Bristol

Bristol Bearpit businesses to close over safety fears

Bristol Bearpit Image copyright Google
Image caption Police recorded 473 crimes at the Bearpit in the year to December 2017

Businesses trading beneath a Bristol roundabout are to cease trading over fears of anti-social behaviour.

Bristol City Council spent £1.2m improving the Bearpit beneath St James Barton Roundabout in 2014.

But Miriam Delogu, from the Bearpit Social, said that as promised "all activity will stop" on 1 March.

Traders have contacted police 300 times in the last year amid an increase in anti-social behaviour, including open drug use, verbal and physical abuse.

Ms Delogu said it was a "heartbreaking" decision but one "we've had to do for far too long".

Simon Green, of Bearritos, said in a blog earlier this year traders were "putting ourselves in danger every day we trade".

Image copyright Google
Image caption The Bearpit is surrounded by busy roads and is accessed by subways under the roundabout

Ms Delogu, also managing director of the Bearpit Bristol group, said she wanted the traders' decision to close to be a "wake-up call".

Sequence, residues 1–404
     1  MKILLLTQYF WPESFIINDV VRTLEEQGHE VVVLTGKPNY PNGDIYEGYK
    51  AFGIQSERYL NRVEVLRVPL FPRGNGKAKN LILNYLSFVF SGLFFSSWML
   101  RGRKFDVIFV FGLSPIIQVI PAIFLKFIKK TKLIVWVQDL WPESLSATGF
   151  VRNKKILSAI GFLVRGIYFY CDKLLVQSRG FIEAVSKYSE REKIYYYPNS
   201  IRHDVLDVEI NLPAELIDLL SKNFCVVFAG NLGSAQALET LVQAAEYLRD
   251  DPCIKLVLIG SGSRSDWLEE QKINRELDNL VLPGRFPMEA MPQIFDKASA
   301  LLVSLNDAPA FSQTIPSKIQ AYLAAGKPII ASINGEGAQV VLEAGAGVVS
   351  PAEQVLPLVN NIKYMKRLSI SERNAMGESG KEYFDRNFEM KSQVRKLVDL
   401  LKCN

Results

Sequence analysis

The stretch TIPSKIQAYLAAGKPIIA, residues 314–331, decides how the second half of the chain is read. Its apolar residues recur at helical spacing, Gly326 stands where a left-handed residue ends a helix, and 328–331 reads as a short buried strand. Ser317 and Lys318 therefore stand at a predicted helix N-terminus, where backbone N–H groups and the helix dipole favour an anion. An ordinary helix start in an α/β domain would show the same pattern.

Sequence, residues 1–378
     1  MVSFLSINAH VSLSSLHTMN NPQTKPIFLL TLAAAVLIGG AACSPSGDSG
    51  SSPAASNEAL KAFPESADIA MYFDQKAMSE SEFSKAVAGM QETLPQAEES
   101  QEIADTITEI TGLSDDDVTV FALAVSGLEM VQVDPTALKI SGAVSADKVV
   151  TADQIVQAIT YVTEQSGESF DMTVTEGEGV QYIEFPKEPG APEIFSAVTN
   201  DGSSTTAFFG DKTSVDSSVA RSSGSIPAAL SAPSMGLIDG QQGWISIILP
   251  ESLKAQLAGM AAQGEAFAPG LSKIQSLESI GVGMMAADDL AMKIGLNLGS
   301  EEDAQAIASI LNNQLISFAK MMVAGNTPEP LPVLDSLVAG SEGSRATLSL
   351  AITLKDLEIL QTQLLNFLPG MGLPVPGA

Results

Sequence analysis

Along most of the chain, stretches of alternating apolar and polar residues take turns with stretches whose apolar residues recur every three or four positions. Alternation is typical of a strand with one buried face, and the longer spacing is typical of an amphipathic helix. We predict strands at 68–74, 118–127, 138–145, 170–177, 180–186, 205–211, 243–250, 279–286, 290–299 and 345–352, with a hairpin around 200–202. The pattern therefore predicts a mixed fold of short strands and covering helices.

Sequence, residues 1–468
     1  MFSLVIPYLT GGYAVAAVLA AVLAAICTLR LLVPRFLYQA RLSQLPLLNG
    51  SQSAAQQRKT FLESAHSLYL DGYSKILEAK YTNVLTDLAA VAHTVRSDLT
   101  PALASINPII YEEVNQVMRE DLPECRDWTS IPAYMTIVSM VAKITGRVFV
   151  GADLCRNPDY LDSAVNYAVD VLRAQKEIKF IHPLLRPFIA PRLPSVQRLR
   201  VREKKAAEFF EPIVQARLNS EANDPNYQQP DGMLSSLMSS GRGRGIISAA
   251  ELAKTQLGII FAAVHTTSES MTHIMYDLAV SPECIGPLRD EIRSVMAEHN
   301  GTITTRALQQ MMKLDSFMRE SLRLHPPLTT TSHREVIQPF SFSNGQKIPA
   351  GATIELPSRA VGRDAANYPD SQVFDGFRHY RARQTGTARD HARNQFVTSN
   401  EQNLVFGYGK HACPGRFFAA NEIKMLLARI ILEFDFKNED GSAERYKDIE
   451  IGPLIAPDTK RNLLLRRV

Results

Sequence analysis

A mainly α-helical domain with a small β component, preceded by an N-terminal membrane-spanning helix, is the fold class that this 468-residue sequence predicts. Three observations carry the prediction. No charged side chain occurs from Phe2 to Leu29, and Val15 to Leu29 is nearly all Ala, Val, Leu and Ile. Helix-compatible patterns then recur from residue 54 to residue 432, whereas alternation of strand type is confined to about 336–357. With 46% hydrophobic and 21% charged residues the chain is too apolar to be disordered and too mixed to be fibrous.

"All activity will stop until we can deal with the issues that have led us to close," she said.

She added the pressure of dealing with the anti-social behaviour was "quite relentless".

"We will take a hiatus to recharge our batteries, but we are committed more than ever to bring long-lasting social change to the St James Barton Roundabout," she said.

CCTV cameras

Thangam Debbonaire, MP for Bristol West, said threats and assaults on Bearpit workers were "unacceptable".

"I am very sad that conditions in the Bearpit have deteriorated to this point," she said.

City council cabinet member Kye Dudd, said following the announcement he was "working with partners to get CCTV cameras installed soon to help deter anti-social behaviour", one of series of measures being taken.

A community event has been organised for Saturday to "celebrate this unique space in the heart of the city and to contribute to the first steps in a much-needed clean-up".

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